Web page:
Trying on clothes in fitting rooms tends to be a less than inspiring experience. Puckering, pulling, shifting, and stretching — the garment quickly becomes an obstacle in itself. Cal Patch‘s book, Design-It-Yourself Clothes, is built on an inherently sensible premise: perfect fit comes from custom patterns. Cal’s approach that every sewer deserves to empower herself through learning the craft of patternmaking, is both encouraging and liberating. Each project in this foundational manual builds upon the previous one, so a basic shirt turns into a jacket turns into a dress.
For this week’s How-Tuesday, we’re sharing the button-down shirt; I hope the skills you learn in creating this pattern will equip you for exploring the next frontier in your designs. Since this project is rich with information, I’ve included an excerpt below, but you can download the full how-to (for free!) as a PDF here.
Picture this: You’re out shopping, maybe at your favorite vintage shop, maybe at a fancy designer boutique, and you see something familiar. Hmm. Where have you seen that dress before, you wonder. In a magazine? A movie? Oh wait, you remember! You’ve seen it in your dreams!
You try it on, and for a moment, you are enraptured: Life is complete! You will forevermore be the one envied at every party for what you are wearing. But then you do a reality check. The color, now that you are thinking clearly, doesn’t suit you at all. The fabric is a little more synthetic than you’d like. The waist is actually too small, and wouldn’t it be way dreamier with a wider, kimono-esque sleeve? And a different neckline? Not to mention longer, with more flare at the hemline, and some shirring at the bust? And again, you realize, this scenario is all too familiar: You know exactly what you want and you’ve got the sewing skills to pull it off, if only there weren’t that one, teensy-weensy recurring problem: the pattern. Even the best seamstress needs one, but a pattern for the vision in your head just plain does not exist. Yet.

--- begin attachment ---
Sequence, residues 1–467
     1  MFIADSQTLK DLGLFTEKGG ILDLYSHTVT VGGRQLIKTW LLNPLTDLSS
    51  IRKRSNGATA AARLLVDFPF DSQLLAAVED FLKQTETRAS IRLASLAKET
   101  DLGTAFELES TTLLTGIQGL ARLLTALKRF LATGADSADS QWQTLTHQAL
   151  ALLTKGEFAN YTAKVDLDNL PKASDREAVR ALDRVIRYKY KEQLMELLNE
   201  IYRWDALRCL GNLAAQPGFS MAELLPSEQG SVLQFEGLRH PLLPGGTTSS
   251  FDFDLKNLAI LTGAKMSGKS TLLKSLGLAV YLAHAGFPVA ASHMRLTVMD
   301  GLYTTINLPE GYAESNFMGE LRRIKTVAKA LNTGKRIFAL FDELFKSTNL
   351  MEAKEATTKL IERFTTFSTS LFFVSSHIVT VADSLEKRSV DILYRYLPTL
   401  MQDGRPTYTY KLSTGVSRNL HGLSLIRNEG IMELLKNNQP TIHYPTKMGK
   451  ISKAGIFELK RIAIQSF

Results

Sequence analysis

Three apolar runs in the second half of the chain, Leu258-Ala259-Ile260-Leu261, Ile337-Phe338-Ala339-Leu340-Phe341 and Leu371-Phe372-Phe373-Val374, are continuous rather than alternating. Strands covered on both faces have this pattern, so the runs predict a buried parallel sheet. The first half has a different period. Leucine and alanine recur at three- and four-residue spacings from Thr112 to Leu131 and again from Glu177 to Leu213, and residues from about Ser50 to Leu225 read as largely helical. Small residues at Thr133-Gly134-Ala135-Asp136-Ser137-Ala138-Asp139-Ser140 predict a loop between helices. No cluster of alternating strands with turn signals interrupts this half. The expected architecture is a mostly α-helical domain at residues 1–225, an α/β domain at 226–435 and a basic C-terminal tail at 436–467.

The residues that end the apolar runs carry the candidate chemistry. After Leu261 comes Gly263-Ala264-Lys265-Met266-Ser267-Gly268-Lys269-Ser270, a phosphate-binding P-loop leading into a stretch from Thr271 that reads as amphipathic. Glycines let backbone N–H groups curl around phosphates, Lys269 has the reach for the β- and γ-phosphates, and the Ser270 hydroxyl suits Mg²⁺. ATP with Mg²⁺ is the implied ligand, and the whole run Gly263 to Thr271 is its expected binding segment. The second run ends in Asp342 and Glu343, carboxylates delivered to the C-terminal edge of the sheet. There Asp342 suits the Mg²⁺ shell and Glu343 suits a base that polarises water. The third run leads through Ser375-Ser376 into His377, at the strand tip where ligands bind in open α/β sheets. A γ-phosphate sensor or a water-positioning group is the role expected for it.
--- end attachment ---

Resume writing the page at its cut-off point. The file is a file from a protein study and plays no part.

It’s no secret that sewing is the new hot craft — more people are sewing now than ever before. Sooner or later, most stitchers want to tackle more advanced projects, namely clothing. This is where the trouble sets in. The problem isn’t in the sewing, but in the pattern. Unfortunately, finding the perfect pattern for what you want to make can be anywhere from difficult to impossible. The sewing pattern industry, with a few noteworthy exceptions, doesn’t seem to be quite in sync with the surge in modern sewers — sewers who want to make clothes that look like what they might buy at their favorite retailers.
The new generation of indie seamstresses is watching Project Runway, reading ReadyMade and Selvedge, and shopping at small boutiques selling one-offs by local designers. You know what you want to wear but can’t always find it on a rack. You know how to sew but don’t see patterns that resemble what you want to make. You do want to make a unique look based on your own personal taste, influences, and body type. And you need the freedom to create patterns as your taste evolves over time. What’s an intrepid stitcher to do?
Well, the obvious answer is to learn how to make your own sewing patterns! Patternmaking is an age-old art form, which, at its core, is extremely simple. The clothing we currently wear tends to be relatively simple from a patternmaker’s point of view. We don’t wear finely tailored suits or dresses with princess seams, darts, and gussets. We wear simple knit tops, skirts, loose dresses, basic woven shirts, and pants. Their style tends to come from details, as opposed to dramatic or complicated cut and construction. Thus, it’s quite possible to teach today’s sewers how to make their own patterns. And this book does just that in a fun, concise volume for the modern girl.